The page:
On October 7, 2005, the Senate of the United States of America gave its advice and consent to ratification of the United Nations Protocol to Prevent, Suppress, and Punish Trafficking in Persons, Especially Women and Children. This trafficking in persons (TIP) protocol, which supplements the UN Convention Against Transnational Organized Crime, is an important multilateral component of the worldwide effort to combat modern-day slavery. It seeks to prevent trafficking, protect victims, and promote anti-trafficking cooperation among nations.
The protocol will now be returned for President Bush's signature. It then must be counter-signed by Secretary of State Condoleezza Rice and deposited at the UN.
You may read the protocol at http://www.uncjin.org/Documents/Conventions/dcatoc/final_documents_2/
Ending trafficking in persons is a U.S. priority. In addition to issuing the annual Trafficking in Persons Report, which has helped generate tremendous government action globally, the U.S. has given nearly $300 million to anti-trafficking programs abroad in the past four years. It has spent millions more on anti-trafficking efforts domestically, including stepping up prosecutions of traffickers and increasing assistance to victims of this crime. And it has strongly supported actions to increase attention to TIP in international organizations.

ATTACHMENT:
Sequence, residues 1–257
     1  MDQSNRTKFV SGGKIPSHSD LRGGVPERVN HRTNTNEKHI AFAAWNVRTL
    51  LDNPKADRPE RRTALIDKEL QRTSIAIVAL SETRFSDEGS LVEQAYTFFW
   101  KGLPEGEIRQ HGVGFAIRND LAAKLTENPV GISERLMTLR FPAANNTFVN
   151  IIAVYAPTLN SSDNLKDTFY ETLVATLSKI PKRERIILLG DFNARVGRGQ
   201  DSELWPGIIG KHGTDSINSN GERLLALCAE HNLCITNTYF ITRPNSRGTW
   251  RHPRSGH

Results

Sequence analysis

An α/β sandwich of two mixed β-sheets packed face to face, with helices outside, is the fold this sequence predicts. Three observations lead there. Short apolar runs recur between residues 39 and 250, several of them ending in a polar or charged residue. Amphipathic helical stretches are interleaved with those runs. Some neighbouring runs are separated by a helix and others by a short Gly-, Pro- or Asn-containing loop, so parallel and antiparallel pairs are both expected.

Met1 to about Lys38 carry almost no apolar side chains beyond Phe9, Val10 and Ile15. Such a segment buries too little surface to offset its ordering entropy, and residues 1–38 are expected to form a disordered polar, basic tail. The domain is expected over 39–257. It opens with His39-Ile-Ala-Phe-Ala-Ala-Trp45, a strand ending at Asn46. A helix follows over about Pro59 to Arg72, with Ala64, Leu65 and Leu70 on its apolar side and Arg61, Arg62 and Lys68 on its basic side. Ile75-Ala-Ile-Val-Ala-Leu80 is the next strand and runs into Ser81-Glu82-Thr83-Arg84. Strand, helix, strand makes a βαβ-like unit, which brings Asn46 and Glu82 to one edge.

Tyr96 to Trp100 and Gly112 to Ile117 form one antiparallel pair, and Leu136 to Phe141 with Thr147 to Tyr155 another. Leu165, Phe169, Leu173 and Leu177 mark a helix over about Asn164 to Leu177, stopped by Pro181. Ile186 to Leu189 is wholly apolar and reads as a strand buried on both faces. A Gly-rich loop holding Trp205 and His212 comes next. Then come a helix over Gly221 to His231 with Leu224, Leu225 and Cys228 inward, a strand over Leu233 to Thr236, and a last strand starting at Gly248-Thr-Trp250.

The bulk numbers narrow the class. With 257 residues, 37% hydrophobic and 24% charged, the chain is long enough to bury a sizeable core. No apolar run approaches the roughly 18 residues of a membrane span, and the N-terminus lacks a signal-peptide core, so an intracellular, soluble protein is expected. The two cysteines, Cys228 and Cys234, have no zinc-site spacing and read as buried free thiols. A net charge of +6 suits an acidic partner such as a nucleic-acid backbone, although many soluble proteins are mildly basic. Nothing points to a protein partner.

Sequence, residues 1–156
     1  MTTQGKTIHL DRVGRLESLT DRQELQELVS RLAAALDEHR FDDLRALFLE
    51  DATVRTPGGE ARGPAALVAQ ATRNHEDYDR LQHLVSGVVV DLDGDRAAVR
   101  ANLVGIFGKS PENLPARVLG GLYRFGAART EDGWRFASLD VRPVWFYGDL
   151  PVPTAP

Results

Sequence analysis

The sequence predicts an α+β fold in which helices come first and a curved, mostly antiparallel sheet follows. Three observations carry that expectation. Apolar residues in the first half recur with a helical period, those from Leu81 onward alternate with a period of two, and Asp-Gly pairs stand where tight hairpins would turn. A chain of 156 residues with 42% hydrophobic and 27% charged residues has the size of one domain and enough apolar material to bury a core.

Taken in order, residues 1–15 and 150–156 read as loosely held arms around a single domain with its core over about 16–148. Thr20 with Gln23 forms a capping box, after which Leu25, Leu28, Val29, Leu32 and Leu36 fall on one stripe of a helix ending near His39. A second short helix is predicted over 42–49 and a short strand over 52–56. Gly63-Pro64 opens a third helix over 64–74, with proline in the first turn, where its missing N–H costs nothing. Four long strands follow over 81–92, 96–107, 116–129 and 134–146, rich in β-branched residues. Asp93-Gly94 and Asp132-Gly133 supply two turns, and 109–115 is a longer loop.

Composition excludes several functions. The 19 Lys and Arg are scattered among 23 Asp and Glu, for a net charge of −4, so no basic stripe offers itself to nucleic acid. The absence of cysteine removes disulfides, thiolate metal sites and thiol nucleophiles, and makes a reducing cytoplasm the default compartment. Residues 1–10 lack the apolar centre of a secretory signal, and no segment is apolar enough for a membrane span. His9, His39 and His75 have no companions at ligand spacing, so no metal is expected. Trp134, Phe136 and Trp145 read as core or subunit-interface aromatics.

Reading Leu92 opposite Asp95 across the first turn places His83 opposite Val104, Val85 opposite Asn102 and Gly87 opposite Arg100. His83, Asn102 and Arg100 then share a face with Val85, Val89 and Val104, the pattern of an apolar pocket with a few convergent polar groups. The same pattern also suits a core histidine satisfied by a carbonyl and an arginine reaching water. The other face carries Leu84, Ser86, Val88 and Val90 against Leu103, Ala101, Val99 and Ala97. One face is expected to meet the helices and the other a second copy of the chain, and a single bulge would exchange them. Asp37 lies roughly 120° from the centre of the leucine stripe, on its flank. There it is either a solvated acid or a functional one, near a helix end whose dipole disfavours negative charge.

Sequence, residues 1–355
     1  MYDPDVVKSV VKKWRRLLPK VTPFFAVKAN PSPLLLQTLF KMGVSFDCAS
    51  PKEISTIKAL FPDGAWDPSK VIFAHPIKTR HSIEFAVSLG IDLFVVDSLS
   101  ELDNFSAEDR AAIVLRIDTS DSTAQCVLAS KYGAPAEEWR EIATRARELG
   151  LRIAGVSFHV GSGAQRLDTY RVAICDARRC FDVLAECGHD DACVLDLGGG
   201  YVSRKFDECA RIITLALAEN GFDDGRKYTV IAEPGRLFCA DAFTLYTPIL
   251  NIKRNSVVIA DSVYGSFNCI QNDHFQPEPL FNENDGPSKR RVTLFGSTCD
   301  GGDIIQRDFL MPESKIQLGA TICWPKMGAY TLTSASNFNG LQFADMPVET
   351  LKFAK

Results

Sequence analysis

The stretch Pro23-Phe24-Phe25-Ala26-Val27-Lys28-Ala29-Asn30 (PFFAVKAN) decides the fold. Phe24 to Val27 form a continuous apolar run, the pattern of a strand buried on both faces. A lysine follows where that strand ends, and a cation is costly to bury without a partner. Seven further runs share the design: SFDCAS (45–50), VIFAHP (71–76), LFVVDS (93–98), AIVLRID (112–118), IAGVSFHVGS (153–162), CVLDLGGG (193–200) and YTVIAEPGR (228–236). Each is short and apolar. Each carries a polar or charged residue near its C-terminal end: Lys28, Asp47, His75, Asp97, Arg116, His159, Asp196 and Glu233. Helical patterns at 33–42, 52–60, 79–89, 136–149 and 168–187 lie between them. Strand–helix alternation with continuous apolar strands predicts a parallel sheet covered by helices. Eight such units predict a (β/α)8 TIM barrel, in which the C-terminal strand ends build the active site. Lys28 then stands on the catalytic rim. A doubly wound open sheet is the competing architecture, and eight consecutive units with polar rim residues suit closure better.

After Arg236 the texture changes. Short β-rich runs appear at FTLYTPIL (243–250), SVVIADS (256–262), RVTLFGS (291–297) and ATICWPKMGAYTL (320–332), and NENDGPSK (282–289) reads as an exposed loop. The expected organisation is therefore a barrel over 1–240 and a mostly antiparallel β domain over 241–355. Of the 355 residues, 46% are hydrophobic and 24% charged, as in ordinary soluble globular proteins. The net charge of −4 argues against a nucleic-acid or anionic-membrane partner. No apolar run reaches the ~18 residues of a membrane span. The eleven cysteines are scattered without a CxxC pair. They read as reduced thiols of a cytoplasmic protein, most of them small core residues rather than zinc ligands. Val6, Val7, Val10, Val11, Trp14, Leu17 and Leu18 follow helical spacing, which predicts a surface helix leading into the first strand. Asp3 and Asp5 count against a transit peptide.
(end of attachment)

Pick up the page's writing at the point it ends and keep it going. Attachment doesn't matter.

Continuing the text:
Ambassador John R. Miller
Office to Monitor and Combat Trafficking in Persons
U.S. Department of State
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